A series of homilies on Ephesians
A homily is “a short talk on a religious or moral topic; a usually short sermon; a lecture or discourse on or of a biblical theme.”
I am sharing a verse-by-verse series of short messages on Ephesians (as well as other passages of Scripture) specifically targeted at reviving families and encouraging and exhorting husbands, wives, fathers, mothers, and children to do what God has commanded them to do, for if the church is to be revived and the country is to be awakened, the family must be revived first.
TEXT: Ephesians 1:3-6:
3 Blessed be the God and Father of our Lord Jesus Christ, who hath blessed us with all spiritual blessings in heavenly places in Christ:
4 According as he hath chosen us in him before the foundation of the world, that we should be holy and without blame before him in love:
5 Having predestinated us unto the adoption of children by Jesus Christ to himself, according to the good pleasure of his will,
6 To the praise of the glory of his grace, wherein he hath made us accepted in the beloved.
Alexander MacLaren said, “The risen life of Jesus is the nourishment and strengthening and blessing and life of a Christian. Our daily experience ought to be that there comes, wavelet by wavelet, that silent, gentle, and yet omnipotent influx into our empty hearts, this very life of Christ Himself.”
Leonard Ravenhill said, “If we have another Pentecost — and it was real — we’d all likely be in jaiI within a month. We have such an accommodating Christianity. People can live anyway they want to around a Christian today. But they couldn’t in the day of Pentecost when those first Christians were around.”
In their book, The Ten Greatest Revivals Ever, Elmer Towns and Douglas Porter share with us: “In August 1903, seven missionaries gathered in the city of Wonsan, Korea, for a week of study and prayer. Dr. R.A. Hardie confessed he ‘had not seen any examples of plain, unmistakable, and lasting conversion’ in his thirteen years of ministry in Korea. Believing the ministry was being hindered by his own failings, he confessed his faults before both the missionaries and the Korean congregation, with others making similar confessions. Just a few months later, in October of 1903, missionary advocate Fredrik Franson arrived in Korea and was invited to preach. The meetings were marked by open confession of sins. Many admitted to theft and offered to make restitution. Church members insisted that restitution be made to the Lord rather than to themselves. As a result, funds were raised for evangelism in the area. During his stay in Korea, Franson impressed upon Hardie and his fellow workers the necessity of prevailing prayer.”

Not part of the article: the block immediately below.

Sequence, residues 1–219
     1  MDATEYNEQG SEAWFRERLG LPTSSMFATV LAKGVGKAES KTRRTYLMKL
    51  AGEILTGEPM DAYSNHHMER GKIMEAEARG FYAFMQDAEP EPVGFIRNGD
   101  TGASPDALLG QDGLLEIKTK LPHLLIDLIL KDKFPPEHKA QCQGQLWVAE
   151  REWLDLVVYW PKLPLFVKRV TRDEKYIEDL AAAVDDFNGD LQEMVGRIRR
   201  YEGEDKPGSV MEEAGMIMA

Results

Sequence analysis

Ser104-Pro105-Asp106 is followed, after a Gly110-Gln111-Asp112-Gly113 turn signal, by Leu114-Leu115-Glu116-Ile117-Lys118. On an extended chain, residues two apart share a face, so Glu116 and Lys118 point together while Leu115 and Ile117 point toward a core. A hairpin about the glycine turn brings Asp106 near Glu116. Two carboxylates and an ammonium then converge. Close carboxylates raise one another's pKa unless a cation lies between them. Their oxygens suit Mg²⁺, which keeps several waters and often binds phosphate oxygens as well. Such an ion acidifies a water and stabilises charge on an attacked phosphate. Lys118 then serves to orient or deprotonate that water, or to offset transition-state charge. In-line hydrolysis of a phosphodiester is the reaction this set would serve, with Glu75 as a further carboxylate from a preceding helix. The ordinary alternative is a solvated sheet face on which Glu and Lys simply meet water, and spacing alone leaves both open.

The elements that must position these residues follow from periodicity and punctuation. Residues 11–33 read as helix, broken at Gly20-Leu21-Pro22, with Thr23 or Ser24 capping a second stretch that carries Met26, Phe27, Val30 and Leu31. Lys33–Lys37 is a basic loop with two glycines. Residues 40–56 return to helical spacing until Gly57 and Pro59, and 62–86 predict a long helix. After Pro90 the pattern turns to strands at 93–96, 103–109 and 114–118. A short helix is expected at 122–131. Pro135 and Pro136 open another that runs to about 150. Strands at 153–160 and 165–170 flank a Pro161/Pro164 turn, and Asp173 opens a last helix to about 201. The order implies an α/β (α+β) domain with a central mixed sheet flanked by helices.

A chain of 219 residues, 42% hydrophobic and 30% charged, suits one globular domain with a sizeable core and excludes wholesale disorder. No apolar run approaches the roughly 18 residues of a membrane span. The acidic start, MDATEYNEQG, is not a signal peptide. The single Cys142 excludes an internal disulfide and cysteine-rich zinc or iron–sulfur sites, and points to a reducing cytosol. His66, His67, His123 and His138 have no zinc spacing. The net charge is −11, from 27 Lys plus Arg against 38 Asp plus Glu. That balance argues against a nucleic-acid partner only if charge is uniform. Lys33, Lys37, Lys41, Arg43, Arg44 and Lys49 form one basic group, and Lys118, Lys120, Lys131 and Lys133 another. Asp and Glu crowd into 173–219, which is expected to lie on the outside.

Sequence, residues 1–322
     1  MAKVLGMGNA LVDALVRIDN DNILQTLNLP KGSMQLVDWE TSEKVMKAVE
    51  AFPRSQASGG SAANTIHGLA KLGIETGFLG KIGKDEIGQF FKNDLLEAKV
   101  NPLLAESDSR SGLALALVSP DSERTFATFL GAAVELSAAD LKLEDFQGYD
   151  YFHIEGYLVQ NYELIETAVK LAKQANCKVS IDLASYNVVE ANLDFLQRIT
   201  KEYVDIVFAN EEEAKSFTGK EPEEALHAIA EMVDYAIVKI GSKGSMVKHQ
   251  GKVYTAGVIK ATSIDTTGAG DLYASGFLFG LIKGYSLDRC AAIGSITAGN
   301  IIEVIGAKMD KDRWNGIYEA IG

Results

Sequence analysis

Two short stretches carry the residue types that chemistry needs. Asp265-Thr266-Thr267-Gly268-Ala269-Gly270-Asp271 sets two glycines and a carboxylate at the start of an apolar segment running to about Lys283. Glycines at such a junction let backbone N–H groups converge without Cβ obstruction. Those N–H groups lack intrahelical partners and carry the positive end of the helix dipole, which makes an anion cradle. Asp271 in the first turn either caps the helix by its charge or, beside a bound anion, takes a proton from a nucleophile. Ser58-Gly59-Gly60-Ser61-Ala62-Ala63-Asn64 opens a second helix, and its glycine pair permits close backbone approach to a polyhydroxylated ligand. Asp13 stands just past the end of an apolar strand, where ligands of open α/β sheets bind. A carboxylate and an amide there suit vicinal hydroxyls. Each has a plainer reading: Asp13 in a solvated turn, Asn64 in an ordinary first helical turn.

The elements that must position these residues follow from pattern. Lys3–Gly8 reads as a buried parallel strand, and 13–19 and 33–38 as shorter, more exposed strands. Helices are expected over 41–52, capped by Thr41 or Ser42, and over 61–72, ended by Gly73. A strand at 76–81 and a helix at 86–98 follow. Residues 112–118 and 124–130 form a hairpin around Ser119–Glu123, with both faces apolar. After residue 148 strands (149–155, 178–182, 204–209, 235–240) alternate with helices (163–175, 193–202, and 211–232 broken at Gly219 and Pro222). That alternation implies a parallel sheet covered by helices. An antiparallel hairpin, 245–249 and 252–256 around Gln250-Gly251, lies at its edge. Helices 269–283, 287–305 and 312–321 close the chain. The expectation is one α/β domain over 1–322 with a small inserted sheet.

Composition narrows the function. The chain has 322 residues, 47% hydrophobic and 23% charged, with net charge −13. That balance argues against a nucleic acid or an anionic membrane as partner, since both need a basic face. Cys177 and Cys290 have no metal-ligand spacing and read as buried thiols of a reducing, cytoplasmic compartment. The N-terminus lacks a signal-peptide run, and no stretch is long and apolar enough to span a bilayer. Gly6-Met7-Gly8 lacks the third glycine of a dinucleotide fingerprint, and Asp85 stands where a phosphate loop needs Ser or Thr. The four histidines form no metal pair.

Paul continues his greeting of the believers with words of blessing. First, he says, “Blessed be the God and Father of our Lord Jesus Christ…” This pronouncement of blessing upon the Heavenly Father is simply a way of praising God. Obviously, Paul nor any of us can give God something that He would count as a blessing the way we count our blessings.
On the contrary, we bless (or praise) God because He has blessed us. Paul continues by telling us that God “hath blessed us with all spiritual blessings in heavenly places in Christ.”
Notice the type of blessings that Paul is praising God for: “spiritual blessings.” Often, we think of blessings only as being physical or material — cars, houses, money, and good health. But, the true blessings are spiritual blessings because these are blessings that no one can take away. When Paul was writing this, he was sitting in prison. He didn’t have any cars, houses, or money to speak of. He had a “thorn in the flesh”, what many believe to be some type of medical condition that affected his eyesight, that afflicted him on a daily basis. Yet, he was still “blessed” because he had “spiritual blessings.”
Spiritual blessings are things that only God can provide to His children: things such as peace, joy, and contentment. Neither people nor circumstances can take away these “spiritual blessings.” Many Christians today are dissatisfied with their material or physical blessings or lack thereof. They focus only on what they have and what they don’t have, and they do not value the best blessings of all — the spiritual blessings which they always have access to through Christ Jesus.
We need more Christians who are just as focused on abiding in and utilizing their spiritual blessings as they are on getting more material and physical blessings.